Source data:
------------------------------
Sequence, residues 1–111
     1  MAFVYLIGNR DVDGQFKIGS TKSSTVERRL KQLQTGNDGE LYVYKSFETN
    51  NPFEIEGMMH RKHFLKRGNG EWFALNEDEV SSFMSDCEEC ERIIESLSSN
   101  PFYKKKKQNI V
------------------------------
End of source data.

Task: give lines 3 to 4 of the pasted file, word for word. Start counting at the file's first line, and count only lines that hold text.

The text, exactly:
    51  NPFEIEGMMH RKHFLKRGNG EWFALNEDEV SSFMSDCEEC ERIIESLSSN
   101  PFYKKKKQNI V